Litmus meaning

lĭt'məs
A water-soluble bluish powder derived from certain lichens that changes to red with increasing acidity and to deeper blue with increasing basicity.
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A purple coloring matter obtained from various lichens and used as an acid-base indicator in chemical analysis: it turns blue in bases and red in acids.
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A colored powder, obtained from certain lichens, that changes to red in an acid solution and to blue in an alkaline solution. Litmus is a mixture of various closely related heterocyclic organic compounds. &diamf3; Litmus is typically added to paper to make litmus paper , which can be used to determine whether a solution is basic or acidic by dipping a strip of the paper into the solution and seeing how the paper changes color.
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(uncountable) A dyestuff extracted from certain lichens, that changes color when exposed to pH levels greater than or less than certain critical levels.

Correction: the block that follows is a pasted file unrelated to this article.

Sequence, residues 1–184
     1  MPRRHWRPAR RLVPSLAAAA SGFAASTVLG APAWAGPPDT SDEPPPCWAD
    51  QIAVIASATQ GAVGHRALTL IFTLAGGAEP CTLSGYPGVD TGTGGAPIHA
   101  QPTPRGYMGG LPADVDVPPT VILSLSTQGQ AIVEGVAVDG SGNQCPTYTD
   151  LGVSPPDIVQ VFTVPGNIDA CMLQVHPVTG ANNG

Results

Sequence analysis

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A simple test of acidity in a liquid using litmus, usually in the form of litmus paper.
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A simple test of any attribute; a litmus test.
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Origin of litmus

  • Middle English litemose (of Scandinavian origin) (Old Norse litmosi dyer's herbs) (litr color, dye) (mosi bog, moss) Middle English lykemose (from Middle Dutch lijkmoes) (variant of lēcmoes) (lēken to drip) (moes moss)
    From American Heritage Dictionary of the English Language, 5th Edition
  • 1495, earlier lytmos, from Old Norse litmosi (“moss used for dyeing"), from lita (“to dye, stain"), from litr (“colour, dye, blee"), from Proto-Germanic *wlitiz, *wlituz (“appearance, blee"), from Proto-Indo-European *wel- (“to see") + mosi (“moss"). Cognate with Old English wlite (“appearance, form, brightness, countenance"). More at moss.
    From Wiktionary